One Final Note: Oh my goodness, was Stepakoff getting kickbacks from Coke? I understand that Coca-Cola was (and is) a major economic force in Georgia, but I swear to god, it seemed like it was mentioned by name at least once every few pages. Eeesh.

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Other Reviews: All About {n}, Booking Mama, Educating Petunia, Good Books and Wine, I Smell Books, Jenn’s Bookshelves, Lesa’s Book Critiques, The Literate Housewife Review, Polishing Mud Balls, Pop Culture Junkie, Readin’ and Dreamin’, Rhapsody in Books Weblog
Have you reviewed this book? Leave a comment with the link and I’ll add it in.

First Line: The two boys rode their mountain bikes along the soft uncovered lake bed between the Bartam’s Field subdivision and the old Holly Hills property.

Cover Thoughts:

Vocab: (see the whole list)

  • p. 54: “A git of a clean shirt made for him from wind-faded bedroom curtains that smelled of nebbolio on the vine.” – a red Italian wine grape that produces lightly colored red wines
  • p. 175: “She could smell the sweet scent of perique, the expensive tobacco that her father always smoked in his pipes.” – a strong, rich-flavored tobacco produced in Louisiana, usually blended with other tobaccos.
  • p. 192: ““We’ve scheduled a trousseau party on March 21 and the bride-elect simply loves white phalaenopsis.”” – any of various epiphytic orchids of the genus Phalaenopsis, native to tropical Asia, having clusters of showy, variously colored flowers.

**All quotes are from an ARC and may not reflect the final published text.**

12 Comments leave one →
  1. April 12, 2010 7:15 am

    As a Georgian, the various mentions of Coca-Cola are wildly accurate. Actual Georgians drink the stuff like baby’s milk.

    • April 13, 2010 9:08 pm

      Omni – Oh, I’m sure it’s accurate, but as a non-Georgian, it felt a little excessive.

  2. April 12, 2010 9:21 am

    Thanks for your review – that’s probably not my kind of book. I was going to comment on the Coke, too – here in the South, every soft drink is referred to as Coke. If you say “I’ll have a Coke,” you’ll be asked what kind and they don’t mean regular or diet.

  3. April 12, 2010 11:52 am

    *can attest to all soft drinks being referred to as “Coke” in the South*

    I’ll probably not read this one – can’t stand Nicholas Sparks! – but I do admire the cover that matches your header. How could you resist?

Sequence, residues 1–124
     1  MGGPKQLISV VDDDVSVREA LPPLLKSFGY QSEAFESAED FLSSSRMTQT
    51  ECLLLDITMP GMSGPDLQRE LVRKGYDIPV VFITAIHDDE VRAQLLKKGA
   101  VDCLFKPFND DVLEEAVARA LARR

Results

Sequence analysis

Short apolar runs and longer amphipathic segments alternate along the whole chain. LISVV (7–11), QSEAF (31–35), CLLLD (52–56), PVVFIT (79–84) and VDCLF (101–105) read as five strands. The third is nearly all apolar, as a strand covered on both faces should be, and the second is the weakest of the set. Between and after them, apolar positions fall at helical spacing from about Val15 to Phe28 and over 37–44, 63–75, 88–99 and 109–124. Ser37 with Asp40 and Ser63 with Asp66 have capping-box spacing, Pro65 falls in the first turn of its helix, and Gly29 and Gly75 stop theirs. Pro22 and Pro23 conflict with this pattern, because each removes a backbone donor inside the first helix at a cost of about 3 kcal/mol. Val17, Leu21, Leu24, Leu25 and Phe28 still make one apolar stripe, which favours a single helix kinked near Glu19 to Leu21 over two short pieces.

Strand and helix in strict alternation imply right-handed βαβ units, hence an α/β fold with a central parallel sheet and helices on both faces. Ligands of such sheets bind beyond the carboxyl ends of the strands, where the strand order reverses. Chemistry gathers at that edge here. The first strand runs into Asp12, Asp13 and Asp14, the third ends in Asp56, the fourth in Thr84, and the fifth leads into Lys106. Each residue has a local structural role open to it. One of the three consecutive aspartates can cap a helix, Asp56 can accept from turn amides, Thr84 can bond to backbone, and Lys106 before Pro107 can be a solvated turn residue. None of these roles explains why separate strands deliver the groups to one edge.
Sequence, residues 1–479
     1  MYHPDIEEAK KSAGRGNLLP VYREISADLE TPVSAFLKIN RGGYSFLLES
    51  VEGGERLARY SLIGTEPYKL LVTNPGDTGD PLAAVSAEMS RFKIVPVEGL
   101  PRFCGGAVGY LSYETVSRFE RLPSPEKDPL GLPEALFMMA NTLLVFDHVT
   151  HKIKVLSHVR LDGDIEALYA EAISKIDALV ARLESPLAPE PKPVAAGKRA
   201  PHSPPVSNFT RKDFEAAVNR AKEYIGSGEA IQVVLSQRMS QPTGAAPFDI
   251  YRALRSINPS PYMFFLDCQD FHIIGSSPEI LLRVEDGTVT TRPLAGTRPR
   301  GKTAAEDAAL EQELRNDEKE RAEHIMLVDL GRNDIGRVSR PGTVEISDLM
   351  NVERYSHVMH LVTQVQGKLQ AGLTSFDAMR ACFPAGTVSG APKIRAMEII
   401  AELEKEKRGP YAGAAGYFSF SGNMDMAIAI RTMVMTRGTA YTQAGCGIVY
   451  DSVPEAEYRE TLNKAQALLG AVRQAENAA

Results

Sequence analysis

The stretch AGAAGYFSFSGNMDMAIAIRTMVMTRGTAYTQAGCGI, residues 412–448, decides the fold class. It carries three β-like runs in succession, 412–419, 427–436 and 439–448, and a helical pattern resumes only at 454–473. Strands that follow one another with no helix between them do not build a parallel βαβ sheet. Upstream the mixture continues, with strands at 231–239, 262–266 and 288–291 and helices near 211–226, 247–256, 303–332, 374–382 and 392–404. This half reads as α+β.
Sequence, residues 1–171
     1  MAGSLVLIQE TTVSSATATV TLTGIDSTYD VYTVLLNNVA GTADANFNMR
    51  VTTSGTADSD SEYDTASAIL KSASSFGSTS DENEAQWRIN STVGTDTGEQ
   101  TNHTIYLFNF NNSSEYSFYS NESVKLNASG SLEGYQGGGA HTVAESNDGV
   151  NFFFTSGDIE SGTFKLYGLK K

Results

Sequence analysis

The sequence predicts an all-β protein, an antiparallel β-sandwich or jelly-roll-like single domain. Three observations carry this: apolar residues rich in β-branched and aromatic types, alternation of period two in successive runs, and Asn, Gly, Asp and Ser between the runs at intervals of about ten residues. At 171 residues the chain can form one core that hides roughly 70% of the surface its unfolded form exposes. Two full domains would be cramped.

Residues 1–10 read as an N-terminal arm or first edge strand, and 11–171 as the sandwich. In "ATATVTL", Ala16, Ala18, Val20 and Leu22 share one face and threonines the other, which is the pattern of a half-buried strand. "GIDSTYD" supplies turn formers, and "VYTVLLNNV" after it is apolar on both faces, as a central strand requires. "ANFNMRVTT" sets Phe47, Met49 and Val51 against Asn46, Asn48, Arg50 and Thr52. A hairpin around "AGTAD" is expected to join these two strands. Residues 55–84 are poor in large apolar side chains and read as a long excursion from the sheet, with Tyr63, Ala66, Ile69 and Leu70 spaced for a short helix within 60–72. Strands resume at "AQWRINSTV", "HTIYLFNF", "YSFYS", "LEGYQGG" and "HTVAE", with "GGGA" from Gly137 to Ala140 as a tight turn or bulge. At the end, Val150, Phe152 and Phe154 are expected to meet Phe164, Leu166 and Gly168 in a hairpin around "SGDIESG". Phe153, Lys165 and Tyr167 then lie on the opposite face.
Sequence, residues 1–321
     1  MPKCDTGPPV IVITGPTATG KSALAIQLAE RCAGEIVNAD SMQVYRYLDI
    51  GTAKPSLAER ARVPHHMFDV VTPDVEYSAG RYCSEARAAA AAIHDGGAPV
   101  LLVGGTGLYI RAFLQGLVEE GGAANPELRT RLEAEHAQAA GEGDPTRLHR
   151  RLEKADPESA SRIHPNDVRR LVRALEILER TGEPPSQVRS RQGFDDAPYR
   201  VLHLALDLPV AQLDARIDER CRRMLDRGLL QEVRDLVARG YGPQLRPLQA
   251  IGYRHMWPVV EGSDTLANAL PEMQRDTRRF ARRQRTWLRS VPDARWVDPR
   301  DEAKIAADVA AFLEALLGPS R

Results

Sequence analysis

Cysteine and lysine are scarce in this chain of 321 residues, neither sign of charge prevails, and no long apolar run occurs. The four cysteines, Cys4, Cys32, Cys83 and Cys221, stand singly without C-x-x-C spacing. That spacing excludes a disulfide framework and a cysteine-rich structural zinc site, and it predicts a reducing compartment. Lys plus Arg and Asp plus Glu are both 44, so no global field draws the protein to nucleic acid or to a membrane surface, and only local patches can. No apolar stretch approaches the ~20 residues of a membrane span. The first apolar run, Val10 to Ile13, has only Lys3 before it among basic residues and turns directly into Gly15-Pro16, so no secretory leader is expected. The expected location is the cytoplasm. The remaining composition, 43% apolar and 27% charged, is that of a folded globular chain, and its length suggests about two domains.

• April 13, 2010 9:06 pm

      Jenny – I might be a niche market, but cover artists now know how to get at least one sure reader. :)

  4. April 12, 2010 1:35 pm

    I have to say, for me it really wasn’t a great love story. I thought I might like this, but I need to learn that I really can’t do romance, I just didn’t buy them being suddenly, magically in love and her wanting to drive into a tree if she couldn’t be with him one more time after 3 days.

    • April 13, 2010 9:09 pm

      Jen – Good point. I guess I should have said that it was good romance, rather than a good love story… I always have to willfully suspend my disbelief whenever someone uses the L-word too quickly.

  5. April 15, 2010 2:13 pm

    I’ve got this one for review and I’m really hesitant since you’re not the first person to compare this book to Nicholas Sparks-type melodrama. Yeeeurgh. Cannot stand Sparks. I’ll give it 50 pages, max.

    BTW, another Southerner to confirm that all soft drinks are “cokes” in the South.

    • April 16, 2010 9:51 am

      Nancy – Good luck with it! (To be honest, I don’t know if you’ll need all 50 pages… although on the other hand, it’s a very fast read, so if it turns out not to be for you, at least you won’t have spent much time with it.)

  6. April 20, 2010 1:51 pm

    I liked this one more than I thought I would, as I don’t normally read romances. It was a lot less cheesy than Nicholas Sparks, in my opinion. I got sick of the references to Coke after awhile, LOL!

    • April 21, 2010 9:17 am

      Anna – It’s been so long since I’ve read any Nicholas Sparks that I probably can’t fairly compare cheese levels. I’m glad it wasn’t just me annoyed by the Coke references, though!